FIS: Vonn can't see how she stacks up against men

Decision likely means Vail racer will try to finally reach podium in Aspen

By Real Aspen
Real AspenNovember 5, 2012

Good news, Aspen. You can cheer for Lindsey Vonn in your own back yard.

The nation's most decorated woman skier is back on track to compete at the Aspen Winternational over Thanksgiving weekend after the International Ski Federation (FIS) rejected Vonn’s bid to race against men in a World Cup downhill in Canada.

The FIS Council, meeting Saturday in Oberhofen, Switzerland, gave Vonn's request an official Heisman.

“The council respected Lindsey Vonn’s proposal to participate in men’s World Cup races and confirmed that one gender is not entitled to participate in races of the other and exceptions will not be made to the FIS Rules,” FIS officials said in a prepared statement.

“In terms of her request to participate in the men’s downhill in Lake Louise, she is welcome to submit a request to the Organising Committee and jury to be a forerunner.”

Canadian ski racing officials were predictably unhappy about the FIS ruling.

Lindsey Vonn
File photo by Troy Hooper
“I’m disappointed to hear that Lindsey will not be racing against the men in Lake Louise,” Alpine Canada President Max Gartner said in a press release.“I saw it as a great opportunity to raise the profile of the sport by attracting interest from people who do not normally follow ski racing, particularly in North America. It would have provided a great platform to showcase our sport and the amazing athletic performances of our athletes.”

In early October, Vonn, the winningest American ski racer of all time with 53 World Cup victories, sent a letter to FIS officials asking to race in the men’s World Cup downhill at Lake Louise, Canada on Nov. 24. Vonn has won nine downhill races against women at Lake Louise, and two World Cup super G races.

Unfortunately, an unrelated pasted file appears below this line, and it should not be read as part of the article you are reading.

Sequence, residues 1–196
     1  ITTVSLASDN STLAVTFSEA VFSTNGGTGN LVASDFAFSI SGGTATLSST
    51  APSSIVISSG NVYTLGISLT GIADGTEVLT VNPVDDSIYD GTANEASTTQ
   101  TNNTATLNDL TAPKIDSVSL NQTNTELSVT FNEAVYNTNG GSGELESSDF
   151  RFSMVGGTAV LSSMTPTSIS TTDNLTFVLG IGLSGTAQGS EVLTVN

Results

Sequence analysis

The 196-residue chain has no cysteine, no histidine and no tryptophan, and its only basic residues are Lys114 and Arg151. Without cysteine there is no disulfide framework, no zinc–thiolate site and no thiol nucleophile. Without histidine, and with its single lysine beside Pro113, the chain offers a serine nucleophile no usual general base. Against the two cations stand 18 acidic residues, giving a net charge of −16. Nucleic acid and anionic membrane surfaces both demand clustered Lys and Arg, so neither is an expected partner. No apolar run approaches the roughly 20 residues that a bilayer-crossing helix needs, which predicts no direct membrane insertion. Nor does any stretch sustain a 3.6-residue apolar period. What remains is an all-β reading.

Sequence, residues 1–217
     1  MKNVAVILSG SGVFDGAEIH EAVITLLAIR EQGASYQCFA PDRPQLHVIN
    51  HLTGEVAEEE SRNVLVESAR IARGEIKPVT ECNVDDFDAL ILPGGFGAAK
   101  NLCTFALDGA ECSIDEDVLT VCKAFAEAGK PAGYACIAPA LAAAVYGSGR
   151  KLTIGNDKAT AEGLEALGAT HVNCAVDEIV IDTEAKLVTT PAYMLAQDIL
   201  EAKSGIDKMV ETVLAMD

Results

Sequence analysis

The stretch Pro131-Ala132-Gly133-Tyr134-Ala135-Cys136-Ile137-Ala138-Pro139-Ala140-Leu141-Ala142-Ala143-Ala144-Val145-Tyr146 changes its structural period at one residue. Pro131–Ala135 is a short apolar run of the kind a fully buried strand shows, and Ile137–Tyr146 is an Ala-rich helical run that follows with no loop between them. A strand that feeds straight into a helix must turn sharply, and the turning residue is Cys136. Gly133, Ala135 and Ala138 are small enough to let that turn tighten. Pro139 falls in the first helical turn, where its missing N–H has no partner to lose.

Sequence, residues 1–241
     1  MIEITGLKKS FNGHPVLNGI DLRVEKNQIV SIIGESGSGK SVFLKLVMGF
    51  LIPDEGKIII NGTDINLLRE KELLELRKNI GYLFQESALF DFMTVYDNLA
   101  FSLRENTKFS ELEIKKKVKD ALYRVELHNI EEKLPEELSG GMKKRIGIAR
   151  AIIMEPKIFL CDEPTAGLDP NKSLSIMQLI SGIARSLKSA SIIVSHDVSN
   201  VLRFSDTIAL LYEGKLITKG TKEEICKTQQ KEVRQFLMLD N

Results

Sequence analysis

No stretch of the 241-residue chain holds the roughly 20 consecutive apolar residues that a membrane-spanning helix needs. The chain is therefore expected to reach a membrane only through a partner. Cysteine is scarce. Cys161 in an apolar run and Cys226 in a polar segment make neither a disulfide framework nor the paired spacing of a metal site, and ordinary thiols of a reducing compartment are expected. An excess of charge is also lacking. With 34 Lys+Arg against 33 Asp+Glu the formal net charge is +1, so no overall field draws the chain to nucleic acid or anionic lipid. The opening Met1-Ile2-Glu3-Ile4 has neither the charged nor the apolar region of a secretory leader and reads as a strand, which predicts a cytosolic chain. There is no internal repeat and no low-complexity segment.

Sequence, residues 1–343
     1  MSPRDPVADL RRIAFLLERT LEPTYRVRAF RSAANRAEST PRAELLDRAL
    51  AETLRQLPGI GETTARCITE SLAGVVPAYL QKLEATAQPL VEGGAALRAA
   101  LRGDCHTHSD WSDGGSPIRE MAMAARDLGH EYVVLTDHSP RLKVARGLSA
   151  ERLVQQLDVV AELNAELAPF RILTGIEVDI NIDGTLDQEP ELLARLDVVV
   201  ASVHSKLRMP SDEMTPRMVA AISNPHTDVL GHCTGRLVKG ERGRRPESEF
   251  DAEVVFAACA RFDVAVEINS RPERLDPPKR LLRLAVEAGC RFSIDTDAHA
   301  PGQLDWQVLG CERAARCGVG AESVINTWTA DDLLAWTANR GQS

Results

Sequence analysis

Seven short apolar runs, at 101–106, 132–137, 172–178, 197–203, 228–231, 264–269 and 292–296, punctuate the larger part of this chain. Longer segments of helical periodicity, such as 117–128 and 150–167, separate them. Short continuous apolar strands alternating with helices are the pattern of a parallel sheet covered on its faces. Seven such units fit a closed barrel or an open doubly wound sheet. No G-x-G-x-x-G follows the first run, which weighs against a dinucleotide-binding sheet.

“Lindsey has achieved many milestones in ladies’ ski racing,” Gartner said. “It would have been interesting to see how she stacked up against the best male racers in the world. Lake Louise is the perfect venue to have that comparison because Lindsey has as much experience on the mountain as many of the men have had. I hope Lindsey gets a chance to fulfill her dream at a later date.”

The U.S. Ski and Snowboard Association (USSA) last weekend made an official request to FIS President Gian Franco Kasper to “provide a clear direction on how to effectuate [Vonn’s] goal in a manner which preserves the integrity of the Audi FIS World Cup, protects her competition eligibility, holds harmless FIS quotas and start rights, and respects the rights of all FIS athletes and FIS stakeholders.”

USSA officials expressed disappointment after Saturday’s decision.

“Lindsey Vonn is a great champion in our sport and we have always respected her interests in this new challenge,” USSA President and CEO Bill Marolt said. “It's important for us to support athletes like Lindsey. She has achieved greatness from her tenacity in seeking new challenges.

“We're disappointed that the FIS Council did not support the proposal but also respect its direction. Now we have to keep a strong focus on the World Championships this season and the 2014 Olympics.”

Aspen race officials aren’t at all disappointed Vonn, who resides in nearby Vail, won’t be racing against men Nov. 24 in Canada. That’s because they hope to see her on their slopes for a World Cup giant slalom that day.

“Obviously we would love to see Lindsey race in Aspen,” Aspen Skiing Company spokesman Jeff Hanle said before the FIS decision. “She is the top female ski racer in the world and the fans here in Aspen and the race organizers would miss her presence. If she ends up going against the men, we will all be cheering for her, but we would rather see her on our course and on our podium.”

Vonn, a speed event standout who dominates in downhill and super G, has never been on a podium (top 3) in Aspen, which typically only hosts GS and slalom races each season.


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